I hated it better when it was called Independence Day. Wow, this thing was an utter and complete mess. Maybe my standards have become too high — or maybe everyone else’s have become too low. I mean what happened to the man who made E.T. and Schindler’s List? This was schlock. This was mindless and completely not thought through. Oh god, it’s getting worse the more I think about it.
I knew things weren’t gonna go my way as soon as I heard the lame Morgan Freeman voiceover intro (which, of course, was bookended by an even worse outro). Seriously, though, if you take the plot of Independence Day and sprinkle in a dash of Signs and take all the bad elements of both (including the Ewok dance-like ending of ID4), you still have twice the movie this one was. There is a scene where Cruise and Dakota Fanning are stuck in a basement with a paranoid Tim Robbins that I swear goes on for an hour. It’s insufferable. The editor must have fallen asleep, because this isn’t the only scene like this.
There is a large chunk of the movie where our protagonists, along with a bunch of other folks, are trying to board a ferry; a scene where they seem to approach the boat from the same point at least ten times. It’s confusing, overly-long and poorly edited. But back to that basement part. From what I read, Spielberg decided to copy his asshole pal George Lucas and shoot on digital video. I don’t care what they say, the look suffers. Gone are the subtle tones and imperfections. The picture is too clear and television-like. That scene in particular looked like a cheesy set, as you could see every nook and cranny, rather than having dark corners and shadows. And, look, I understand what can only be described as one of the worst Hollywood endings of all time can be blamed on the original War of the Worlds (as it ends the same way), but isn’t Hollywood the town that loooves to change movie endings? Aren’t they the ones that changed the ending of the Keifer Sutherland remake of the original Dutch film, The Vanishing, so that everyone is happy and the bad guy gets what’s coming? Why couldn’t Spielberg break ranks with not only Hollywood but also himself and give us a Miracle Mile ending? Why couldn’t we see what kind of deadbeat dad Cruise could truly be?
Speaking of Cruise’s character… I almost bought him as the absentee dad and New Jersey dock worker–if he didn’t look like f’n Tom Cruise and talk like a man who’s been sitting in a Scientologist reading room and not cussing up a storm with a bunch of Jersey blue collar dudes. I mean, are we suppose to buy the fact he doesn’t have an accent? And then comes the game of catch in the backyard; the game of catch where it becomes painfully obvious why Cruise has left the baseball movies to Costner and Charlie Sheen. Despite his supposedly being a throwing badass, he looks as though he’s tossing the ball with the wrong hand. I haven’t seen anything that awkward since Sam Jackson’s running scenes in Attack of the Clones.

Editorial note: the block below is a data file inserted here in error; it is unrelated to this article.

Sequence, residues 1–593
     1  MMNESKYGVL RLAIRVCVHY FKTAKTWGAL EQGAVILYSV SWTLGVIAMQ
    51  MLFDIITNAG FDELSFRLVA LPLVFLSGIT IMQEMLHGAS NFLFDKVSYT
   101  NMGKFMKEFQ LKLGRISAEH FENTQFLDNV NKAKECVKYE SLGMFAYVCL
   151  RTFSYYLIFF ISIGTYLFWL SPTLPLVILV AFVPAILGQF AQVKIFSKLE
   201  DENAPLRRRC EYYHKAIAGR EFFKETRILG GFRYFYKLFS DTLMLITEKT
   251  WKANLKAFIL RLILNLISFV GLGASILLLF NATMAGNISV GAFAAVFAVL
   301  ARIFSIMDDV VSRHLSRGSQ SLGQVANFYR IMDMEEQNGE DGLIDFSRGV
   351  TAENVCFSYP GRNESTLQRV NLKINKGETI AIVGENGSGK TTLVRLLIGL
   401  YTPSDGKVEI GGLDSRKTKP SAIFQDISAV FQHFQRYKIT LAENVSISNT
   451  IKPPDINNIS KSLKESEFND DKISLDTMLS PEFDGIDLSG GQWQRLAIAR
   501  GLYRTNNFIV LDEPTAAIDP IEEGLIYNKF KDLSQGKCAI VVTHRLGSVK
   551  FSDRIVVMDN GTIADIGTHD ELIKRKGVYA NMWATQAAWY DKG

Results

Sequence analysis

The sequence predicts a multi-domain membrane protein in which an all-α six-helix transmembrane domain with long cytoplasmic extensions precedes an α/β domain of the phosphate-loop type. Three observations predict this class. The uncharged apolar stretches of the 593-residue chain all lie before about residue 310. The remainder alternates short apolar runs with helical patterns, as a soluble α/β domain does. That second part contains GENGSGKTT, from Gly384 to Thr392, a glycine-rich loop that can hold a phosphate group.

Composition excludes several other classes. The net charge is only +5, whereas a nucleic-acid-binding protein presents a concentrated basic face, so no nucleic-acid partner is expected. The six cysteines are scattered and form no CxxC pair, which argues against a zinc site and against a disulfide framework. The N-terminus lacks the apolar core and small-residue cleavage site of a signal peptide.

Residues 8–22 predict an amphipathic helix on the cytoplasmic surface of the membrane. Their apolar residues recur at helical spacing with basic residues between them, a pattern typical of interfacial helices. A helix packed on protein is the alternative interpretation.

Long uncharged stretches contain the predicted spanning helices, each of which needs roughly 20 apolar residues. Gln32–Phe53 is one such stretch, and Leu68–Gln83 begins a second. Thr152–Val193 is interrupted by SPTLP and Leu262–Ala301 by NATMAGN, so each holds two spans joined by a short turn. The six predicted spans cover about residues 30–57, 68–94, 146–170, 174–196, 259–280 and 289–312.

That aside, his character has never heard of hummus and really has a knack for avoiding alien lasers. Another odd thing is everyone in the movie’s fascination with standing really close to cataclysmic events rather than running away like they should. The entire first scene in which Newark is destroyed (yes, Newark), people stand around while giant things come out of the earth and level entire buildings. It’s not until they start vaporizing people that some of them start running. Why in the hell would you want to get closer to a giant sinkhole than you need to be?
The most egregious thing in the film (which also came off a little offensive) was Spielberg’s really obvious, over the top references to September 11th. He had dust covered people (including a horrible scene involving Cruise that was oddly comical without meaning to be) and giant banks of missing posters and lots of various other scenes that intentionally evoke 9/11. Did I mention I saw this for free–along with everyone else in the Ziegfeld? Despite the cheap night, there was still a giant moan from the capacity crowd at the ending, and some serious grumbles from folks filing out afterwards (and it wasn’t just because it was pouring outside). Turning up the volume to ten and having tons of CGI lightning does not a movie make–and if anyone should know that, it should be Spielberg.